What were the first brands that you distributed?
From the beginning, we've distributed streetwear. From day one, we sold the likes of Reebok Furys and other trainers like Adidas, Nike, New Balance. We also sold A Bathing Ape T-shirts, then Supreme. We had some Prada, Comme des Garçons, Paul Smith, and also Hussein Chalayan and Alexander McQueen: we went to London, it was the most exciting place in fashion at the time. We sold young fashion designers like Jeremy Scott and Bless. It was always important for us to mix everything up, not to have corners for specific brands but to mix them all when we dressed the mannequins. At the time, we used to change them at night, Tuesday evening used to be a sleepless night of transformation. Then we changed it to Sundays because it was healthier than spending an entire night awake during the week!
In fashion you often hear, "It used to be better before." What's your view of the evolution of the fashion industry over the last two decades? Do you feel nostalgic about a specific period?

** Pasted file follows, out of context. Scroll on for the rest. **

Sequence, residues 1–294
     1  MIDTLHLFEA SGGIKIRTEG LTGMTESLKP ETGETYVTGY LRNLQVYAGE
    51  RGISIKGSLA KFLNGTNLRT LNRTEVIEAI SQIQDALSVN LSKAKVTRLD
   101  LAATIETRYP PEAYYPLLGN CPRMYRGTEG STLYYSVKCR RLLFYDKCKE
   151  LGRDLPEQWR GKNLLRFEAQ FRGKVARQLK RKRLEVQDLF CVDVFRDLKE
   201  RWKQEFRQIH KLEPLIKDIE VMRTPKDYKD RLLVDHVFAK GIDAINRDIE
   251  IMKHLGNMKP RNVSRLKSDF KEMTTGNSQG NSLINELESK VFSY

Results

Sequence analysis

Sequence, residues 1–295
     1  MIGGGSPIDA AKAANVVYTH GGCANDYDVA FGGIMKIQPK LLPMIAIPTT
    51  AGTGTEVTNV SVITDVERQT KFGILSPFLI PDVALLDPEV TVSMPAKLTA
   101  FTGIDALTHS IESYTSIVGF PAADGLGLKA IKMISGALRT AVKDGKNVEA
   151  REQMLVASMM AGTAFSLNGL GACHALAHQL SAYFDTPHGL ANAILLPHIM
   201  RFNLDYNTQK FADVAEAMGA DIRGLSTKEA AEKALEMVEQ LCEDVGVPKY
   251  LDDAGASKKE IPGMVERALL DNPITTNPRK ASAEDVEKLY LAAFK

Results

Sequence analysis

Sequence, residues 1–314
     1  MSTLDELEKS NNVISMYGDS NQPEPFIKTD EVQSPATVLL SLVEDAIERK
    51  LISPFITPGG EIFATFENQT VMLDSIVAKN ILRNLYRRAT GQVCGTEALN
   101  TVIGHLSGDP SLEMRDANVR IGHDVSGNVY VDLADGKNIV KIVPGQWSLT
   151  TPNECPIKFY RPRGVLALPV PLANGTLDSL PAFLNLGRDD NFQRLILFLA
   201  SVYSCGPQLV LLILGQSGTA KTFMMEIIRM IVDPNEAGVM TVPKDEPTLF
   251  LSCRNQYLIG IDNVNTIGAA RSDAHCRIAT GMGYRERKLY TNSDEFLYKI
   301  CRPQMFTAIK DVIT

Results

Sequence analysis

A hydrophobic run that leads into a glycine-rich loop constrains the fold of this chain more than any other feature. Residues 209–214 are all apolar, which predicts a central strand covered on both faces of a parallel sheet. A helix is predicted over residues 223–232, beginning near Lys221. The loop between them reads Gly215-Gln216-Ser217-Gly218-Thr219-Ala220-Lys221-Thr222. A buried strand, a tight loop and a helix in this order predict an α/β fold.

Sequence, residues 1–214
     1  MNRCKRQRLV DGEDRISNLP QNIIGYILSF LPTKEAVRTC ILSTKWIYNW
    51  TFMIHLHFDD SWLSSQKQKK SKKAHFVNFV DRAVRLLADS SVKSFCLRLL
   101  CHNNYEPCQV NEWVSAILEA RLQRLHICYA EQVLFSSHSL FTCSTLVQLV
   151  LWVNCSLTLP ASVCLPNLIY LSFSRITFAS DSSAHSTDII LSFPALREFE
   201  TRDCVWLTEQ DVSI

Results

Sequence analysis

No, not at all, apart from maybe the 60s and the 70s like everyone else. Of course, it was exciting to watch Alexander McQueen's fashion shows, to follow Marc Jacobs's first steps, to watch all those brands emerge at the turn of the year 2000, but fashion design is in good shape today. Ten years or even five years ago, no one could have predicted what is happening now at Gucci with Alessandro Michele or at Balenciaga with Demna Gvasalia. Who would have imagined that Christopher Kane was going to make Crocs? I would never have imagined these sort of products would be in Colette! That's fashion, it's never without surprises. Everything is allowed. Sometimes I can feel nostalgic about some designers who are still around but who don't have the same strength as before. That's why we recognize the immense power of designers like Rei Kawakubo and Junya Watanabe, who always manage to reinvent themselves over the years.
You're known for being discreet. Your mother recently said to the New York Times, "unfortunately it is impossible to live hidden nowadays." How do you feel about the exposure of social media and the loss of mystery that it entails?
Everyone shows what they want to show. I often think about Martin Margiela: would he be able to have that invisible side today and the same success that he had back then? There would surely have been someone shooting backstage at runway shows, for example, who would have taken his picture and shared it on social media. Some paparazzi took photos of Daft Punk's face and the photos were published. I always used to refuse to have my picture taken, but that took so much energy that I stopped. It's not because I have a problem with my face but it is because I don't see any point in showing myself. The ones that truly matter are the designers that we present here, not me!